Categories
society

One Way or the Other.

Successful leadership in a crisis requires trust and steady fact-based decisions. Trump was completely unstable at the best of times, and he had zero trust from anyone who pays attention.

After leadership, you have the logistics of handling a crisis. It’s not that difficult. You simply learn what steps are necessary, what materials needed, and you do the work. A computer could have done it, but not the Trump administration.

A computer would have taken input that said, “Need masks. Need ventilators. Need other PPE.” It would have put out requests to the proper channels to find out availability and begun the wheels of industry a-turnin’. It would have called for shutdowns and distancing. A computer.

The hard part of logistics in a crisis comes from the bad news. Trying to keep people going through it. Keeping focused. The decisions should be self-evident. You get the ventilators. You get the PPE. You close the beaches. You prepare for recovery.

Not Trump. First it was “magically disappear.” Then came “hoax” and “flu” and automobile fatalities. Only now, after a month-plus of fucking around, they’re saying 100 000, if all the right cards are dealt. They had an entire, color-coded plan and they didn’t even look at it!

Which is the whole point: this has never been a serious administration. There’s no commitment to governing. There’s just the fucking around, the schtick. There was never going to be success. There wasn’t any ability or thought to attempt success from. They didn’t just ignore warnings, but treated the warnings with contempt. Warnings are for people who might actually give a shit, who want to do the right thing.

And we’ve seen it downballot, with several prominent Republicans now under investigation for cashing out stocks on the warnings while they didn’t lift a finger to stop the actual mess.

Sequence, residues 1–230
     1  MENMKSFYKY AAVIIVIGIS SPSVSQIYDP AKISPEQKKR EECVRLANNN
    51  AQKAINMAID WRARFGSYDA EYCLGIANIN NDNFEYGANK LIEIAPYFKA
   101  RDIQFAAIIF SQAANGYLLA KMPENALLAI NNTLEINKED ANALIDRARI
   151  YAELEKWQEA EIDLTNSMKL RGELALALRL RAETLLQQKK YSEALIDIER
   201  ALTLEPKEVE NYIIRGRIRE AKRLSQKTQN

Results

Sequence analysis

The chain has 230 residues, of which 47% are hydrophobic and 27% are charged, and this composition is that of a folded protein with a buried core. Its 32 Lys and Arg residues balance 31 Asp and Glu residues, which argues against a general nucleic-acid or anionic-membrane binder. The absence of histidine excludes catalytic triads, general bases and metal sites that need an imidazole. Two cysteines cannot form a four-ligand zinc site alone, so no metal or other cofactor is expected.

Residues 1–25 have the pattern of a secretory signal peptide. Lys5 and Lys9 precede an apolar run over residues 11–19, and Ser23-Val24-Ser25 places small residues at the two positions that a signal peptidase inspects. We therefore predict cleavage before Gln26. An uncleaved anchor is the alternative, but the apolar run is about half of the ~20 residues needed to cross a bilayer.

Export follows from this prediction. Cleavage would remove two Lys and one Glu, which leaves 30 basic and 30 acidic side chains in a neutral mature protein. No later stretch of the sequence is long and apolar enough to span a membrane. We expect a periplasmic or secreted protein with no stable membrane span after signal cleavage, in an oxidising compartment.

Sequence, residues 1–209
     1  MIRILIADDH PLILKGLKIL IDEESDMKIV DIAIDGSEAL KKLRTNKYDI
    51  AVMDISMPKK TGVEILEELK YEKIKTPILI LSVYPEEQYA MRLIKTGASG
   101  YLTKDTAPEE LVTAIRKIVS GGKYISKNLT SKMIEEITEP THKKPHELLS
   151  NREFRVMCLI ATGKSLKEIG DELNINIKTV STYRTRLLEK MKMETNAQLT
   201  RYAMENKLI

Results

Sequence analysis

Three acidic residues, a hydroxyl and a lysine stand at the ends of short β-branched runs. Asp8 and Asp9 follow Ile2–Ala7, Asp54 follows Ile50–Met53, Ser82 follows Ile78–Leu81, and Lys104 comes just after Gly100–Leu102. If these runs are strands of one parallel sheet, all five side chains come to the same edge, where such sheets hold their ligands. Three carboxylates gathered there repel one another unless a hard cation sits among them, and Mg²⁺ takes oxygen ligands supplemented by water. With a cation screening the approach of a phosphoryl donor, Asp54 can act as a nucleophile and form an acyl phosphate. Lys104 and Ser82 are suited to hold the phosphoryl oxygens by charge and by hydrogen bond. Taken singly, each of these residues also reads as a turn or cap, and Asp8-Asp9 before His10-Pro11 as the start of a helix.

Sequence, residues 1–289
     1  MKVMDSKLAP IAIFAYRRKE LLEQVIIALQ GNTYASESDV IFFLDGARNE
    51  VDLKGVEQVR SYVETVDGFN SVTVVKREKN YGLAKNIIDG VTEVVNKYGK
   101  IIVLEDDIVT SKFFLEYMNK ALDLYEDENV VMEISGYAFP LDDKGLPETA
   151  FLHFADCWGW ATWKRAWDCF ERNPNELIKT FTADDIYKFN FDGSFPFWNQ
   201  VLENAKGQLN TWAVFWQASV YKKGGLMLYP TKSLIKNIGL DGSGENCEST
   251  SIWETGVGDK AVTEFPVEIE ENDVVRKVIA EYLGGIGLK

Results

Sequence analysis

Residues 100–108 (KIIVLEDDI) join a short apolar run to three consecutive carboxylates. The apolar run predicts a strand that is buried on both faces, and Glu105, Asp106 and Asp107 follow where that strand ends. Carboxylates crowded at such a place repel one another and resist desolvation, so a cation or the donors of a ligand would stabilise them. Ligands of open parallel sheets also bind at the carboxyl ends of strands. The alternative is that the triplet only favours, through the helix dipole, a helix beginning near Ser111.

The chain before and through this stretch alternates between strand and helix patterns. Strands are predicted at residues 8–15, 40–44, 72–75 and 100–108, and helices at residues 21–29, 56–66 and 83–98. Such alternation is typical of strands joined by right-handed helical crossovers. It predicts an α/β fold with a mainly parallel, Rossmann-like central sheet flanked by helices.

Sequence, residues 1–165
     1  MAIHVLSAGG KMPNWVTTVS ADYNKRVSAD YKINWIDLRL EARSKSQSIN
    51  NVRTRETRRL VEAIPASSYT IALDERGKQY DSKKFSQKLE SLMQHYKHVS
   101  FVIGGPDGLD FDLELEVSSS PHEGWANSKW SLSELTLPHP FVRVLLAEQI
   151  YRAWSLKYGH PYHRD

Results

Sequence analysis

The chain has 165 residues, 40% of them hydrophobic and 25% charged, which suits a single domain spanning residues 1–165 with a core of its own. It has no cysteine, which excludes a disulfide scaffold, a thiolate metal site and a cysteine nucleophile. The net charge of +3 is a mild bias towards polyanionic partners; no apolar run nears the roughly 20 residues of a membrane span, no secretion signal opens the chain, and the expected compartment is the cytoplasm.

The nation has a choice that it always has, that we all have: do the right thing or suffer the consequences. Either this administration finds the ability to handle the pandemic, and the pandemic runs one course, or they don’t, and it runs a much more costly course.

But let’s be clear on that choice, just as we should be clear about the election in 30 weeks: the choice isn’t even close. The economy will do better if the pandemic is handled properly from here forward. The lives saved will be far greater if the right choices are made, based on science and boring old logistics that a computer can do.

To fail, you have to try. Trump is the don’t bother president. The un-president. The lazy sod that wants to take credit if only 100 000 of our brothers and sisters die. He’s not responsible, whatever happens, because he’s not leading. He’s only there because he was elected, not because there’s a job to be done. Whatever work the administration does is incidental to Trump, or is done to fluff his ego.

Sure, they go through these indecent motions to have him sign off on decisions, but he’s not in charge other than as an obstacle to the various administration factions doing what they want to do. They are required to thank the president, to appreciate him in public. That’s not appreciation, if you’re coerced. Doesn’t matter to Trump, as long as people believe he gets credit for work that he doesn’t even care about.

There are a lot of people sick and dying because of this president’s inability to do his job. There are a ton more trying to patch around him, to keep things working despite Trump. The Republicans in the Senate took this risk, they bet against the nation, when they failed to hold a real trial and failed to convict him for his high crimes. This country owes itself to do better than these jackals.